Politics: Thai military “Leveraging” flood relief success to re-gain “Political Clout”

  • By Ranger, Thai Intel’s political journalist
  • The Human Memory:

Some people have long memories while others forget rather quickly. Then short attention span and long attention span.

If anything, that also applies to Thailand-but mainly, events moves so swiftly, as shadows, and drastically in Thailand, very few here in Thailand remembers anything for long.

  • A Crazy Thai Military:

It was an all out war on the Red Shirts protesters and their political arm, Pheu Thai Party-since the 2006 coup. That all out war, was conducted by the Thai military, off course.

But in every election in the past 10 years, the Pheru Thai Party have won a landslide. And thus what can the Thai military do, as it is getting very obvious that the majority of the Thai people are against them.

  • Yingluck’s Powerful Mandate:

When Yingluck first came into power, again, through an election landslide, it started off on a confrontational road with the Thai military. Talks of coup was everywhere. But that was impossible. Laws governing the military human resource practice was going to be change to give the government more say in military promotions. And the Thai military dominated intelligence apparatus, was going to be revampt.

Yingluck was on an offense, and the Thai military, mostly, kept quiet-only reminding Yingluck that what ever took place, needs to be done according to the law. And it is the law, that thai Thai army chief, Prayuth had held up as a shield. The word law was mentioned so many times by Prayuth, it became a broken record. Even with the bloody crack-down on the Red Shirts protesters that killed about 100 protesters and civilians-Prayuth maintained that the military was under order of the then Democrat Party government-shielded by law.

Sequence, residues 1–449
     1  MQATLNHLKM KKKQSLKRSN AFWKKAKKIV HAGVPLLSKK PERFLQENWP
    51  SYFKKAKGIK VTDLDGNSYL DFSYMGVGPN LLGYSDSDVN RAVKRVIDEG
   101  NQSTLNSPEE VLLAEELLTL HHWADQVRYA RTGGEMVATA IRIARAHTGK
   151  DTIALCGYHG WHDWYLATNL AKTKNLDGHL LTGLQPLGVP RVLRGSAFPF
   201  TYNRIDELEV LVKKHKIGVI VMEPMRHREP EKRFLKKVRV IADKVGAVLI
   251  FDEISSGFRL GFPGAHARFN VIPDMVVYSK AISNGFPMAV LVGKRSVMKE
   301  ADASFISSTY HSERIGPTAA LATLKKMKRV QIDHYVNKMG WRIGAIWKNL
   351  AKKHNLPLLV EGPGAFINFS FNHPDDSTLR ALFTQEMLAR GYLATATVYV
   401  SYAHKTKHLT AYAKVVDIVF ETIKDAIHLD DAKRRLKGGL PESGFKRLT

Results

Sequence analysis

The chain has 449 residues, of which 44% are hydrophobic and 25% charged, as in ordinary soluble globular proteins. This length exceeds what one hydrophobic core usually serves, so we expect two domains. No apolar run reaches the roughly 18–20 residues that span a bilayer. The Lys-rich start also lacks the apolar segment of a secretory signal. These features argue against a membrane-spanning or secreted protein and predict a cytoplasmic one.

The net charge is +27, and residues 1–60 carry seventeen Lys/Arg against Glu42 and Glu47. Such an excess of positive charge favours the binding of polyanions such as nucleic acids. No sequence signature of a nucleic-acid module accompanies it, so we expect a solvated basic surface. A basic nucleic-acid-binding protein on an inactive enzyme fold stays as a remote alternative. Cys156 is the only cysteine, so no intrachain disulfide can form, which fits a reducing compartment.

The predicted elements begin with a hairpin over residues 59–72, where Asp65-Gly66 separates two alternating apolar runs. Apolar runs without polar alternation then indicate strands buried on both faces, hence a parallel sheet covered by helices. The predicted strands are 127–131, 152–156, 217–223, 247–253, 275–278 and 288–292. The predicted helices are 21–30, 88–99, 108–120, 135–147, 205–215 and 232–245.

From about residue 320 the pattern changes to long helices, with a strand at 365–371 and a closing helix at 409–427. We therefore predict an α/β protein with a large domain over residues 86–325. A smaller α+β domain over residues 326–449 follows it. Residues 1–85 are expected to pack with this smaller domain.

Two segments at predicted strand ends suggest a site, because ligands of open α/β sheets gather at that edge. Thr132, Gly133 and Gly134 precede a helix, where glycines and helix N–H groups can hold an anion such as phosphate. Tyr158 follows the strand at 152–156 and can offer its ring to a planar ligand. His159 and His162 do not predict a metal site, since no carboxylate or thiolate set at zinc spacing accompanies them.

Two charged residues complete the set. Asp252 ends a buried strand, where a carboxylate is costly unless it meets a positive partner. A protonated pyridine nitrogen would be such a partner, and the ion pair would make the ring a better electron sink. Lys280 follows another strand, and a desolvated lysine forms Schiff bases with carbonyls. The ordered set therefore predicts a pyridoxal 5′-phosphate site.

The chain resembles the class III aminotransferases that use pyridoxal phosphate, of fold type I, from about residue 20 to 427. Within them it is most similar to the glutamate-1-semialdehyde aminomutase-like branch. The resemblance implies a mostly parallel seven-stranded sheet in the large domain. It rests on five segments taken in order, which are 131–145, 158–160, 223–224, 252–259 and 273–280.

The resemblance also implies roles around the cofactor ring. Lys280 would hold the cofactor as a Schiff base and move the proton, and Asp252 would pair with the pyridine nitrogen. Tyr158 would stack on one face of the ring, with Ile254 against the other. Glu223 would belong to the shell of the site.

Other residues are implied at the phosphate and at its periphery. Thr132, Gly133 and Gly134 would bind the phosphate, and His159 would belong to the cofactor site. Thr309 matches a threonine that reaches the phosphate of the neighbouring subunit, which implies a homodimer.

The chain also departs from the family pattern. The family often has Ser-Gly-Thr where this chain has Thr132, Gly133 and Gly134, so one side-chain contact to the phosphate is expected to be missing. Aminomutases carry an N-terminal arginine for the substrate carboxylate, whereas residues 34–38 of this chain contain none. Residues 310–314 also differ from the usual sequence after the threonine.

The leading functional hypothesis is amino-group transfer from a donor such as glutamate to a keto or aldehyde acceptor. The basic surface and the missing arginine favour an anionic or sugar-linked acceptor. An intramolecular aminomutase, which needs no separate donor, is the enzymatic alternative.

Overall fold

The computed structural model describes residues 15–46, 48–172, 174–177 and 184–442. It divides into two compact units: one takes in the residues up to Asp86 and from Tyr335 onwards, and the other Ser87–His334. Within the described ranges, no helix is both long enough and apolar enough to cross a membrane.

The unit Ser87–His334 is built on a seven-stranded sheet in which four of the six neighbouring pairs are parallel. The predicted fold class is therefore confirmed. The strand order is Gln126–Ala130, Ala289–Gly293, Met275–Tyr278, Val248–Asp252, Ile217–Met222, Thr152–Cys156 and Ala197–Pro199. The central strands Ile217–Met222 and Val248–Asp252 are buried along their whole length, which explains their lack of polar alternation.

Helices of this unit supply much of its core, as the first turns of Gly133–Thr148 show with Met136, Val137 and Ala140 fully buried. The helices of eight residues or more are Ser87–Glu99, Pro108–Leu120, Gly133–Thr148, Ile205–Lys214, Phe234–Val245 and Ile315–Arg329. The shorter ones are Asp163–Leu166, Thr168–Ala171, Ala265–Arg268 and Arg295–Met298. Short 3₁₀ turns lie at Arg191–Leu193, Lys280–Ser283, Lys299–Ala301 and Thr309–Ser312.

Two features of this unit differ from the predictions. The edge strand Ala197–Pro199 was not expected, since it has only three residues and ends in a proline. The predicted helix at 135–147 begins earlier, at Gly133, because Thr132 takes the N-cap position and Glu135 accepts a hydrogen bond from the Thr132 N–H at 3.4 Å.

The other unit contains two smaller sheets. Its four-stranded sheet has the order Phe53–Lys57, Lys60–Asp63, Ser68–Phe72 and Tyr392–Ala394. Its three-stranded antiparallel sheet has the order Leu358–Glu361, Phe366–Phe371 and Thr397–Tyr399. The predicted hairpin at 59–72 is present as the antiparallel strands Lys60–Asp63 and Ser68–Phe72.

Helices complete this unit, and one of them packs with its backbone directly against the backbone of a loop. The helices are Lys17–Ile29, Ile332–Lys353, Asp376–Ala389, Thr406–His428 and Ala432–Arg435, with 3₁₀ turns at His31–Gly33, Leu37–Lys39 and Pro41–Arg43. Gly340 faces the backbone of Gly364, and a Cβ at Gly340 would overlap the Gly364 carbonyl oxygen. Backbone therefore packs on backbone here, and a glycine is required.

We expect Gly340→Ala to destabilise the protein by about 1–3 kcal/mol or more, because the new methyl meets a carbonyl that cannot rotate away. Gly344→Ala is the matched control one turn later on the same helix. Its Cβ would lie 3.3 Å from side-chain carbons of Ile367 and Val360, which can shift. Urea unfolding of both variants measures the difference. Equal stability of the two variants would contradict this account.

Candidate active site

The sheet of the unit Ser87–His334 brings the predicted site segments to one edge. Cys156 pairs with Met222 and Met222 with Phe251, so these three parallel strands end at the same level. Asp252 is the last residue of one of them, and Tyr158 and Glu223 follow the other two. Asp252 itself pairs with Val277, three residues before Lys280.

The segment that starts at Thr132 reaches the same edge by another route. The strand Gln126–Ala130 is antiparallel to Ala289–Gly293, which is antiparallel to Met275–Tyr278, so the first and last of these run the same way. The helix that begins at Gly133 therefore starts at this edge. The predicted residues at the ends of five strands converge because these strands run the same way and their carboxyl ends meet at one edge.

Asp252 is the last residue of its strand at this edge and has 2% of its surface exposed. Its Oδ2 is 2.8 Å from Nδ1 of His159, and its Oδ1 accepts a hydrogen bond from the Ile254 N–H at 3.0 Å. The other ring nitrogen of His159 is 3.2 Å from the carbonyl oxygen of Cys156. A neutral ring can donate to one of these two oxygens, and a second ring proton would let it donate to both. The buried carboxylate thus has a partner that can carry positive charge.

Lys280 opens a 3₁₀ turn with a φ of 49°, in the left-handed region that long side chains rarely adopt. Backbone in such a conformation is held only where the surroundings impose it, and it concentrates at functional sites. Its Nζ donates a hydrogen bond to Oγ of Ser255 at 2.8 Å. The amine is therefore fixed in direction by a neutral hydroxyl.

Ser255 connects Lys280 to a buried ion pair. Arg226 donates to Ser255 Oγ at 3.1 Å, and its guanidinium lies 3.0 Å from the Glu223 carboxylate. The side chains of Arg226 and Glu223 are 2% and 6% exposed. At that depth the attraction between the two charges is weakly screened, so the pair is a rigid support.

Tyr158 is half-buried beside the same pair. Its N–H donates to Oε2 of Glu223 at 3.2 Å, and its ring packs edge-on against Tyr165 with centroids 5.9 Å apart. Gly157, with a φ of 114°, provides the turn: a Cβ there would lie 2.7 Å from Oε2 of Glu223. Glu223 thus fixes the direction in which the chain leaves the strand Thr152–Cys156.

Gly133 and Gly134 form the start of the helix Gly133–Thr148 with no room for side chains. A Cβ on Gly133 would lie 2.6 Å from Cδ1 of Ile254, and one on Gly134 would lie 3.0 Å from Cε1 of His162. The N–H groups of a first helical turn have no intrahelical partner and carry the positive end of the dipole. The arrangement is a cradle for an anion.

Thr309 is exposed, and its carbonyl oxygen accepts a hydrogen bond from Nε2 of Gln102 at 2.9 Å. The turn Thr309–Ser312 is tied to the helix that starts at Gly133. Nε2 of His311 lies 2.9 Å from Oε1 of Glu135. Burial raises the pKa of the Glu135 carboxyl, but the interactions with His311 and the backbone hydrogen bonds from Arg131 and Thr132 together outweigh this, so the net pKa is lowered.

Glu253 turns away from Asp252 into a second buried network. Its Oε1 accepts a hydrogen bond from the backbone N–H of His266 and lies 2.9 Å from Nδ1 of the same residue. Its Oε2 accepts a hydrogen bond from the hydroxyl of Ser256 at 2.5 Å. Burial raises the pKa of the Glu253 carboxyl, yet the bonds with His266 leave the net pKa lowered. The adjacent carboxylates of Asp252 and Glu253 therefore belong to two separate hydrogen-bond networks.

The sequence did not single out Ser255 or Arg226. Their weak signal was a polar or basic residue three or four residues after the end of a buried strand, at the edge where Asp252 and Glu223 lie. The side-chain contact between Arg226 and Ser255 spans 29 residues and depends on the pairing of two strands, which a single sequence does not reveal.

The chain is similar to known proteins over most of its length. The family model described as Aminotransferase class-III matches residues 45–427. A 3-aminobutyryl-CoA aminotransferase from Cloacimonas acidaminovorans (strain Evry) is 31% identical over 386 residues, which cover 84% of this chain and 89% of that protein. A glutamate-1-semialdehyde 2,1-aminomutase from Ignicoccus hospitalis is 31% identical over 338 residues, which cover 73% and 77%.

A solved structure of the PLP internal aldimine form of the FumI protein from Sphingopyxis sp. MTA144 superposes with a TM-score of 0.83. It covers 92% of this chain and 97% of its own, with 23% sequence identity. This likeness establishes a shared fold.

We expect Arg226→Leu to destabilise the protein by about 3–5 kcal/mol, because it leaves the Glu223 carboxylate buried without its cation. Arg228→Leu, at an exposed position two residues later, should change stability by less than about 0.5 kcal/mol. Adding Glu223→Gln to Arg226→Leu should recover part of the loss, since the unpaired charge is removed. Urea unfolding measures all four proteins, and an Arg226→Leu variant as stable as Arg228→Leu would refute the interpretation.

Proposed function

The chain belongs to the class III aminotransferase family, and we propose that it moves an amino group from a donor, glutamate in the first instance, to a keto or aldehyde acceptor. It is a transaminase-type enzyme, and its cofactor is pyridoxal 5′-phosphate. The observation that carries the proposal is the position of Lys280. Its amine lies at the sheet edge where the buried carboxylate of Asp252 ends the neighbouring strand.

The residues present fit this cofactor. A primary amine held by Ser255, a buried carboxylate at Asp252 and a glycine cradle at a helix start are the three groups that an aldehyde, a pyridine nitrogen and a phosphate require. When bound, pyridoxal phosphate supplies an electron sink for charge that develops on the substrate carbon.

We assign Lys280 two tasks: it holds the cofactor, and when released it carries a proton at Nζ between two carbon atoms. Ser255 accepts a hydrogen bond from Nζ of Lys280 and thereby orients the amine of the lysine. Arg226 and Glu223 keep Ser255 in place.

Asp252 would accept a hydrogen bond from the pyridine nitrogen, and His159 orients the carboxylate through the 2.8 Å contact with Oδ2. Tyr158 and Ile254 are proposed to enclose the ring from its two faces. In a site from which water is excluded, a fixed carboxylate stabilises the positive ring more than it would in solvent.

• Yingluck Weakened by Flood:

But then something happened-and that was a major flooding of Thailand, and the only organ that is capable of deploying enough people to address the situation was the military. Thus Yingluck and the Thai military bagen marching towards a close-working-relationship.

With most of Thailand’s media being anti-Yingluck and pro-establishment, the media reports propelled the Thai military into a “Hero” of the flooding status. Several polls after the flooding, confirms this re-surging popularity of the military-with the latest poll of the best Thai CEO, going to Prayuth, the Thai military chief.

  • Yingluck and the Thai Military Co-Exists:

As for Yingluck, all the pre-flooding talk of reform in the military came to a complete halt-and it seemed, that Yingluck and the Thai military have reached a new level of understanding-being mostly in maintaining the status quo.

Therefore, from a very long battle with the Thai military since the 2006 coup, the relations developed to the point that Yingluck have decided to cater off the military as “Witness” in the Red Shirts massacre, and go after the then government of Abhisit.

But time does not stand still!

  • Differences Still Stand:

Fundamentally, Yingluck and the Red Shirts are about Democracy, and therefore, even with the status quo, there is no doubt that the military drawn Thai constitution that puts Thailand under a “Judicialized” system, as being in control of Thailand, needs to be changed. Then the Red Shirts are fundamentally liberal political activist-and thus they are against the in-humane lese majeste laws.

What is occuring now in Thailand, is that the Thasi military is leveraging its success with the flooding situation for political clout, and for the past two weeks have been making political statements-that is indicative of a politicized military-all over again.